• Modernize, capacitate and equip the PNP to increase police presence, installation of CCTVs, and repair of streetlights, among others.
  • Conduct education drives focusing on the most vulnerable of the society, as well as delivery of basic services.
  • Study the institutionalization of reparation mechanisms of grave human rights violations similar to the Human Rights Victims’ Claims Board created under R.A. 10368.
See answer to Question No. 7
We need a swift review of all programs and projects of government—including those in the Department of Justice and the Commission of Human Rights. This review will cover the Inter-Agency Committee on Extra-Legal Killings, Enforced Disappearances, Torture, and Other Grave Violations of the Right to Life, as created by Administrative Order No. 35. We shall seek to increase the involvement of the Commission on Human Rights in the committee.
8. Years after the passage in 2009 of the anti-torture law, not one perpetrator of torture has been convicted even as reports of torture by state security forces continue to surface. What actions should be taken to ensure that this law is enforced?
On 29 March 2016, Police Officer 2 Jerick Dee Jimenez was convicted for torturing Jerryme Corre. This is the first conviction for violation of RA 9745 or the anti-torture law.
Our steps include the following:
  • Strengthen the intervening role of the Commission on Human Rights in cases of torture, from taking inventory of apprehended individuals to conducting investigation.
  • Strengthen implementation of RA 9745, including conduct of impartial investigation. Oftentimes investigations involve the participation of uniformed men and women who may belong to the same institution forming the subject of the investigation.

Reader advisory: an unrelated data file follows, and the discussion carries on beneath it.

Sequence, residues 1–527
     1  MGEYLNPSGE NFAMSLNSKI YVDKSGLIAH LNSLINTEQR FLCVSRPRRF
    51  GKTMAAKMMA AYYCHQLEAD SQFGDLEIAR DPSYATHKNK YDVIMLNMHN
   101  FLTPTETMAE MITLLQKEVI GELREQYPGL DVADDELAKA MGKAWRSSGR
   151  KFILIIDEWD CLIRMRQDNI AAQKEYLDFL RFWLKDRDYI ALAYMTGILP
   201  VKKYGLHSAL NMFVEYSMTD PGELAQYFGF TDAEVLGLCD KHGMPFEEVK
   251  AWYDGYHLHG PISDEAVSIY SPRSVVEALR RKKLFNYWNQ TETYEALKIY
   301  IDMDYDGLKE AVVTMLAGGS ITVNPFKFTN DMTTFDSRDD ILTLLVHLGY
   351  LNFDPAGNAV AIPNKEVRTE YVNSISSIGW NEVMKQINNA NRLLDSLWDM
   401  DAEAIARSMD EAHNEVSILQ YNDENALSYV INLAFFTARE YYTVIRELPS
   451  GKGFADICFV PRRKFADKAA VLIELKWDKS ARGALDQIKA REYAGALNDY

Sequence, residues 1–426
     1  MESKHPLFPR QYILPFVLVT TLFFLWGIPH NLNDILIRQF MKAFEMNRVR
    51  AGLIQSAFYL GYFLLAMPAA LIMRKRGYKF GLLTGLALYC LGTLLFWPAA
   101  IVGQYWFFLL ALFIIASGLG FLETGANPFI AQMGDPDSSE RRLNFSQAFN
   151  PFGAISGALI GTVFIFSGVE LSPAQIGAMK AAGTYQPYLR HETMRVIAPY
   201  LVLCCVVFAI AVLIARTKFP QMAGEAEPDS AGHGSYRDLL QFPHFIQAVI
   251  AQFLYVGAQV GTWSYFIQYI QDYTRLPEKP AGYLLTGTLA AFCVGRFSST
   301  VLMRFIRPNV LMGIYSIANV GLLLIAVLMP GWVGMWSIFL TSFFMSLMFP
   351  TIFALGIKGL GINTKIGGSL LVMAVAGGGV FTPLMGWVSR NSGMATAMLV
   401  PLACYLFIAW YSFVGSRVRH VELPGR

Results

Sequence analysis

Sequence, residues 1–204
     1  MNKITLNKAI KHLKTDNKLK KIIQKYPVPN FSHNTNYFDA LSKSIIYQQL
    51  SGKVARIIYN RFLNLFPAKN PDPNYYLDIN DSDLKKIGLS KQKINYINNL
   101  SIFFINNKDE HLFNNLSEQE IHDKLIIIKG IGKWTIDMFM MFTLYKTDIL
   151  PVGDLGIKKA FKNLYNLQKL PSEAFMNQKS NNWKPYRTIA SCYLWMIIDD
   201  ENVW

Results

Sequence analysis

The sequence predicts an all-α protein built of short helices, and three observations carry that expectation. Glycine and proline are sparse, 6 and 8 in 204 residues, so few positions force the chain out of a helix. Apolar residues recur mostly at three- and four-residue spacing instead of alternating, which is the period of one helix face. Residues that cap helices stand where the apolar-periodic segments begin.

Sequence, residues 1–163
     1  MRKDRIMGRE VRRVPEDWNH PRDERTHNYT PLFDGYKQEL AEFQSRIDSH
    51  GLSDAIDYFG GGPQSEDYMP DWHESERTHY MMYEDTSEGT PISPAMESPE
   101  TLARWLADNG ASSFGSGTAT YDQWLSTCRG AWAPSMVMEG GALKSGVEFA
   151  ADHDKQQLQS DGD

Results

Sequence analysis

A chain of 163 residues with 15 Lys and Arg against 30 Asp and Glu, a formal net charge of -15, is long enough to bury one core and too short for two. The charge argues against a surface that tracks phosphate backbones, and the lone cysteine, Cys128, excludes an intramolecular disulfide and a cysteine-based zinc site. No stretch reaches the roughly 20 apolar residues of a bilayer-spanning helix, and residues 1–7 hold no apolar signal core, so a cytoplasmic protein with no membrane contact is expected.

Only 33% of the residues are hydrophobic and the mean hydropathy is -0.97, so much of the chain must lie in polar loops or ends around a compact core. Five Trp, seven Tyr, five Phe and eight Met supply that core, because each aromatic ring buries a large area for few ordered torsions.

See answer to Question No. 3
Under my administration, a national quick response hotline will be introduced for enforced disappearances and torture. We must also implement a strong witness and whistleblower protection program to facilitate the prosecution of cases, especially against state agents. I will also seek to insulate the justice system from influence or threat from other government agencies, particularly the Armed Forces and the police.
9. How will you address the plight of tens of thousands of Filipinos who remain displaced as a result of armed conflict between government and rebel forces, specifically in Zamboanga City and the provinces of Maguindanao, Davao del Norte, and Surigao del Sur?
As of May 2015, 28,200 people are still displaced due to the Zamboanga siege in 2013. About 3,100 of all displaced persons are staying in the evacuation center inside the Grandstand sports complex, while about 13,800 have moved to 10 transitional sites. In addition, over 11,300 internally displaced people (IDPs) are hosted by relatives or friends, or are renting temporary homes with rental assistance. There are about 1,200 IDPs in Tandag, Surigao del Sur.
Our steps include the following:
  • Initial and long-term responses to a conflict must be planned hand-in-hand. Other than on-site response during a conflict, preventive measures must be prioritized.
  • Push for the passage of HB 4744 or the ―Rights of Internally Displaced Persons Act.‖
  • Prioritize the temporary shelters/transitional camps for IDPs of armed conflicts in Zamboanga, Maguindanao and other conflict regions and ensure that these areas of resettlement shall be decent and humane.
  • Direct LGUs to provide an avenue for IDPs who remain in transitional camps to achieve durable solutions, which will result in the provision of a permanent and culturally acceptable settlement and where basic services, employment or livelihood opportunities, education, and health care are available and accessible.
  • Attend to the special needs of women, children, elderly, and people with disabilities.
    • Protect women against violence in centers.
    • Prioritize the needs of children-victims of calamities.